She may forever be best known as the offbeat singer with the multi-colored hair on early MTV hits like “Girls Just Want to Have Fun” and “Time After Time,” but Cyndi Lauper never faded away like so many of those other 1980s pop stars.

There was always substance beyond the style and it’s still there, surfacing most recently on Lauper’s latest album, a European-flavored dance-’til-you-drop set called “Bring Ya to the Brink.”

It’s exciting, invigorating and propulsive, and Lauper’s taking it on the road now with her “True Colors” tour, where she’s co-headlining with the B-52s, Rosie O’Donnell, Carson Kressley (of “Queer Eye For the Straight Guy” fame) and a revolving series of musical acts, including the Indigo Girls, Joan Armatrading and many others.

They’re focusing on the Human Rights Campaign, voter awareness and voter registration among the LGBT (lesbian, gay, bisexual and transgender) community.

From New York, Lauper recently discussed the road show, the new album, her memories of recording “We Are the World” and more.

As for the risks of combining politics and the arts, the singer stressed that this tour isn’t about choosing candidates.

“I am not a politician; I am not going to tell you how to vote,” Lauper said. “I just want to tell you how to be able to vote. Because with all the discussions about inclusion and not being included in this country you’d better include yourself.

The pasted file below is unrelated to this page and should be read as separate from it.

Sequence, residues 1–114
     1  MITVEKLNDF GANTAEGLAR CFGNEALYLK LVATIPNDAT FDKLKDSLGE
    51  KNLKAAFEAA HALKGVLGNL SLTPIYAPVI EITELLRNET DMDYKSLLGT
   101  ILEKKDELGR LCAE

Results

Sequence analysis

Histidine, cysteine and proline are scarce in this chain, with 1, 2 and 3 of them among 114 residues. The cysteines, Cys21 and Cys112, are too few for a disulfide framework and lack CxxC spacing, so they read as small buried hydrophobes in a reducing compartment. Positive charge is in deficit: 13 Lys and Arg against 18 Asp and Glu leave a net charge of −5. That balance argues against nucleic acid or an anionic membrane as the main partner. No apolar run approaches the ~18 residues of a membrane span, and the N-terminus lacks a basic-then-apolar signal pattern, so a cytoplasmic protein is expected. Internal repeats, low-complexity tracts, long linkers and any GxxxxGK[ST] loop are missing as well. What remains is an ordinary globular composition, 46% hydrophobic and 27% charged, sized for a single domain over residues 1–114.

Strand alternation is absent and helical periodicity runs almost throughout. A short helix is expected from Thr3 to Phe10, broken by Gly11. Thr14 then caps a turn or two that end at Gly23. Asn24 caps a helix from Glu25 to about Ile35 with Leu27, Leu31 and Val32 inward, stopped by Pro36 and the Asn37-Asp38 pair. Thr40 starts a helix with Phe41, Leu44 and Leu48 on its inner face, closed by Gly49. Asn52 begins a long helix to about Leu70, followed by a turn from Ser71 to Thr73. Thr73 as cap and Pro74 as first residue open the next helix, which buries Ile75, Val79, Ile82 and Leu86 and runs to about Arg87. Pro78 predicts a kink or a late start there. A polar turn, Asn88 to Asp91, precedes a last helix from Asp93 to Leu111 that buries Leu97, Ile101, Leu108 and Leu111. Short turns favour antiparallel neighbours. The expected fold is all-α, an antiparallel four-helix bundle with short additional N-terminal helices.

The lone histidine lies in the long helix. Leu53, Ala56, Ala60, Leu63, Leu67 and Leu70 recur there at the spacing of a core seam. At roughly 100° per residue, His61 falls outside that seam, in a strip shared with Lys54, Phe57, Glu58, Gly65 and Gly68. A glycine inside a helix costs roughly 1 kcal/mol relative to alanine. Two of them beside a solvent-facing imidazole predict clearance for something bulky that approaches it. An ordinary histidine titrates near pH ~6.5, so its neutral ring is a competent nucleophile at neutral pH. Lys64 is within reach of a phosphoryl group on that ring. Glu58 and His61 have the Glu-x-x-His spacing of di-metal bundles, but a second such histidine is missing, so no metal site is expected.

“Get registered to vote and speak your voice. ‘Cause if you want equality you have to be part of the sum, that’s what equal means, the sum of all the parts. A lot of people give up and they have apathy ’cause it’s too hard. So this makes it a little easier. Information is power. All I’m doing is putting information out. I’m singing and laughing all night ’cause I’ve got great comics and great singers.”

The new album is undoubtedly the most dance-oriented of her long career and features a series of collaborators including Basement Jaxx, Dragonette, Kleerup and Axwell.

“I’m excited that I finished the album,” Lauper said. “I got Jeremy Wheatley to mix like I wanted. I heard his work last year. He did this Goldfrapp single, “Ride a White Horse.’ I felt, wow, you feel the rhythm, I’m engaged in the singer but you feel like, “I’m dancing with her.’ That always struck me.

“Then I did “The Threepenny Opera’ in (New York) with my friend Alan Cumming. Unlike when you’re on tour – when you’re a bunch of wild people but you’re in a bus – when you’re on Broadway, it was amazing, we’d go out and dance. And you danced the whole time and it was an amazing experience for me. When I left I felt, “God, I still want to be with my friends.’

“So I thought I’d do those side projects where it was all about singing or picking up my acoustic instruments again like I did when I was 12. So I figured I’m able to do this, let me write some rhythms, so I collaborated with all these dance artists from all over the world and I’m fortunate that I’m able to do that all.”